- Sam "Some of my people have even survived after uttering the phrase 'Watch This!'" Starfall, of Freefall. Sam claims this is good for humanity. (Also, his species.) Many other characters have elements of this as well; heroine Florence Ambrose is even a relative of Coyote's.
- Jareth is the resident one in the fancomic Roommates and its Spin-Off s (Girls Next Door and Down the Street), but his whole family has shades of this.
- In 8-Bit Theater the totemic spirit Raven once tricked Thief into thinking that he had died and was now in his own personal hell where he owned everything (and there was nothing left to steal). Then, several comics after "reviving him" tried to collect on the debt Thief owed him, instead Thief tricked Raven into admitting that he was never dead.
- Liz Polanski. Oh Liz. This is a character who starts out her game Obfuscating Insanity by slicing the head off a dead body and carrying it around, smearing her face with makeup, and overall trying to make herself look as Ax-Crazy as possible in front of other students so they'll leave her alone. She then one-ups herself by pouring melted aluminum all over her collar to deactivate it. And it works.
- The YouTube parodies of Der Untergang turn Hermann Fegelein into a Trickster Arch-Enemy of Hitler. Everything that goes wrong in the Third Reich can be attributed to Fegelein and his antics. Himmler helps him out on it too on at least one occasion, and is pretty explicitly said in the parodies to also have been a major trickster.
- While Beltane and Thorn both see themselves as tricksters among the students at Whateley Academy in the Whateley Universe, they are nothing compared to Sun Wu Kong, who has been plaguing Bladedancer ever since his first appearance.
- Hermes shows up in the 7th Chrono Hustle story. While it is his status as messenger of the Gods that is in play, his trickster tendencies show up as well.
- Coober the Wizard in Unforgotten Realms Live. He tried to sell the main party a bunch of cursed artifacts in The Nuren Campaign, and he disguised himself as a Kobold for unknown reasons in The Sunswords.
- Bugs Bunny, the former Trope Namer, is claimed to be a cross between Br'er Rabbit and Groucho Marx, himself an example. Likewise, many other characters from The Golden Age of Animation can fit this archetype like Woody Woodpecker, Screwy Squirrel, Chip 'n Dale, and pre-Flanderization Daffy Duck.
- Eris from Sinbad: Legend of the Seven Seas spends all of her time playing tricks on the protagonist (along with all the mortals in the story) and well, just causing general chaos. just listen to this theme song
- Bart Simpson from The Simpsons was often such in older episodes ("The Telltale Head" and "Radio Bart", for example). A number of books written about The Simpsons have compared it to African trickster tales, where the smaller, cunning creatures (hare, spider, tortoise) outwit the larger dumber animals (lion, elephant, hyena).
- Br'er Rabbit from Song of the South and the original stories. In Disney's adaptation, and all adaptations since then, the pronunciation has been "brayer", as if it were a mispronunciation of "brier", when, in actuality, "Br'er" is supposed to be pronounced as "bruh", meaning "Brother". This character is deconstructed in Ralph Bakshi's Coonskin, where "Br'er" is correctly pronounced.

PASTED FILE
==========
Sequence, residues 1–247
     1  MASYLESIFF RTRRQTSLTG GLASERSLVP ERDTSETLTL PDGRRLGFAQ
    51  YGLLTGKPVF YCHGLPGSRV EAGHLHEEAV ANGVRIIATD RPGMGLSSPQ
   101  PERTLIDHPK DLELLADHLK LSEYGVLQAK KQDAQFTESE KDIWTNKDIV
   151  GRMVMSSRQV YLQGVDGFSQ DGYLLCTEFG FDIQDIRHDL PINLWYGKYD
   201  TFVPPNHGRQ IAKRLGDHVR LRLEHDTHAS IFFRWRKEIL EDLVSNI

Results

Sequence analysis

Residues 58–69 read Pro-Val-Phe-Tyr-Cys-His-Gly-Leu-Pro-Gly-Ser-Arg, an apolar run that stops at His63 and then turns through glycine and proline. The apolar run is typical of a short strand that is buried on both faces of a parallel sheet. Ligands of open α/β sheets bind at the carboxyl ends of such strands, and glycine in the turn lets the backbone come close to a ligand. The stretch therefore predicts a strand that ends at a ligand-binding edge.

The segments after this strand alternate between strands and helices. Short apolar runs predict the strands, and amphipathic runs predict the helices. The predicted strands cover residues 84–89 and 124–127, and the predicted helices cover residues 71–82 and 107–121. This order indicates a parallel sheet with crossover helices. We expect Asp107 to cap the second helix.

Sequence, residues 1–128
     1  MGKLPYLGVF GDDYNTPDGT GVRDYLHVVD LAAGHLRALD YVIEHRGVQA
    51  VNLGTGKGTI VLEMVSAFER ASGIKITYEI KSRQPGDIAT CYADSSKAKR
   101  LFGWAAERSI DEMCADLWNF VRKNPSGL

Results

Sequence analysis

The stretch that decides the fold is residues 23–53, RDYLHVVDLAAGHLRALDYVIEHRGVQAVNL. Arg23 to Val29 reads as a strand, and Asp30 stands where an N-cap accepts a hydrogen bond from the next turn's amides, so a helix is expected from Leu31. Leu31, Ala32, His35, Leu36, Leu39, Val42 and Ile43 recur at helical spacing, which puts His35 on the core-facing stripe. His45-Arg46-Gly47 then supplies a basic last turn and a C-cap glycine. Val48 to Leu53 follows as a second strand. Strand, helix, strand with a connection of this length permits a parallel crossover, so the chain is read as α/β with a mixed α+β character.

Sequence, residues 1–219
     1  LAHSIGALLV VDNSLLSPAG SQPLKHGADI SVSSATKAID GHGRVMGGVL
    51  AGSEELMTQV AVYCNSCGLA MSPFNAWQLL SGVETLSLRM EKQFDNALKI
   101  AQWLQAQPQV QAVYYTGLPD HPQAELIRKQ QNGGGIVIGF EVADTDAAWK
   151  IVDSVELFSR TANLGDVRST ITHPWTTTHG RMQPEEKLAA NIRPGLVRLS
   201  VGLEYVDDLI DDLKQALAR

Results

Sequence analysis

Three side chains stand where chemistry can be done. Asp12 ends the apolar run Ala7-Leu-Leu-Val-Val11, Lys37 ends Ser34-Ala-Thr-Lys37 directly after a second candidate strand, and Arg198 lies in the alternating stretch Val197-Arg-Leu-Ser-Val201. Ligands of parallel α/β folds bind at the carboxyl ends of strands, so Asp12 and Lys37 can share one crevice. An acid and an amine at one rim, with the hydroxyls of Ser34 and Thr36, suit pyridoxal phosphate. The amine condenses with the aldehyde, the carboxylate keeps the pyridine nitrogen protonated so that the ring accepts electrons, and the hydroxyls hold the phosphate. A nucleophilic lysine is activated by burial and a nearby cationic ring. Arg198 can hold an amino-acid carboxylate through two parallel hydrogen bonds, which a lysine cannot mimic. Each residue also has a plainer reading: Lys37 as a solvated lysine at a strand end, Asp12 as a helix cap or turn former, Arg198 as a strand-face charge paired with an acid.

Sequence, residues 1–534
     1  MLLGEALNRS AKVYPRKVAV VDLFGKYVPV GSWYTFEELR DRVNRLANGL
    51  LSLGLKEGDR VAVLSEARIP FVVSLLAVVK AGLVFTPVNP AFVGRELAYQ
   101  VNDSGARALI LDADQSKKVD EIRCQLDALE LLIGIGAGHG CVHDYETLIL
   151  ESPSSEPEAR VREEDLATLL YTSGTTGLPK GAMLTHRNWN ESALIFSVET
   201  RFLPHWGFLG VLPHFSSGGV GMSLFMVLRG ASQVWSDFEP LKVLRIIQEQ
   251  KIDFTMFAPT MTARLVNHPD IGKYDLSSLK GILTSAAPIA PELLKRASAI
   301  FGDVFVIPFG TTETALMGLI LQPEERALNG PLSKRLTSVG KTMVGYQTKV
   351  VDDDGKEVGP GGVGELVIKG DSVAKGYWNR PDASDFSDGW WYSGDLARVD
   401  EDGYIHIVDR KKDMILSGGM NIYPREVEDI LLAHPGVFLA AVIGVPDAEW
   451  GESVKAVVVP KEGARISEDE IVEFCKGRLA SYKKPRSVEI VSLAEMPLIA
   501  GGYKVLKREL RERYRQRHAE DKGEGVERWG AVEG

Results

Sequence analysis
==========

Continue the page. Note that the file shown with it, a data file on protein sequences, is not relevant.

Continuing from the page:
- Digeri Dingo from Taz-Mania. He often tricks Taz into doing dangerous things for his own profit. To keep him from being The Scrappy, he's got some of the wittiest, most hilarious lines in the series and could possibly fall into Ensemble Dark Horse status because of this.
- Gargoyles has Puck. "What fools these mortals be!" Coyote, Raven and Anansi. Xanatos (yes, that Xanatos) very much patterns himself after the mythological trickster. On his website, Greg Weisman was once asked about including the Egyptian god Seth, and noted that "He's basically a Trickster figure[...]and I already have four of those to play with."
- Word of God describes The Spectacular Spider-Man versions of Spidey himself and the Green Goblin this way.
- In Xiaolin Showdown, one of the first things Raimundo does is pants Omi and complain about the mat beds.
- The Magic Man from Adventure Time lives solely to knock heroes down a peg.
- Discord from My Little Pony: Friendship Is Magic looks and acts like a Trickster, but beneath it there's a hidden side of malice. Also, when push comes to shove and trickery fails, he's not above just Cutting the Knot to get what he wants. Becomes a straight example after his Heel–Face Turn. Princess Celestia from the same show is a good version of this trope; fans don't call her "Trollestia" for nothing.
- T.J. Detweiler from Recess. King Bob was this as well before he became king of the playground.
- June from KaBlam! is basically a female, human, eleven-year-old version of Bugs Bunny.
- Aang from Avatar: The Last Airbender, before he developed as a character.
- Bill Cipher from Gravity Falls can definitely be classed as one. One with Reality Warping powers and the disposition of a Psychopathic Manchild... This can't end well...
Bill: It's funny how dumb you are.
- Babs and Buster Bunny from Tiny Toon Adventures inherit this from their mentor Bugs Bunny, but especially Babs.
- When she wasn't tossing around shadowbolts like party favors, Shadow Weaver of She-Ra: Princess of Power fame often used her magic to trick and befuddled the Rebellion with illusions. Imp also tended to take the Trickster archetype whenever he felt the need to directly interact with the good guys.
- On the other end of the spectrum, Orko from He-Man and the Masters of the Universe tended to rely on tricks and such for fighting, if only because his magic was severely nerfed while he was on Eternia.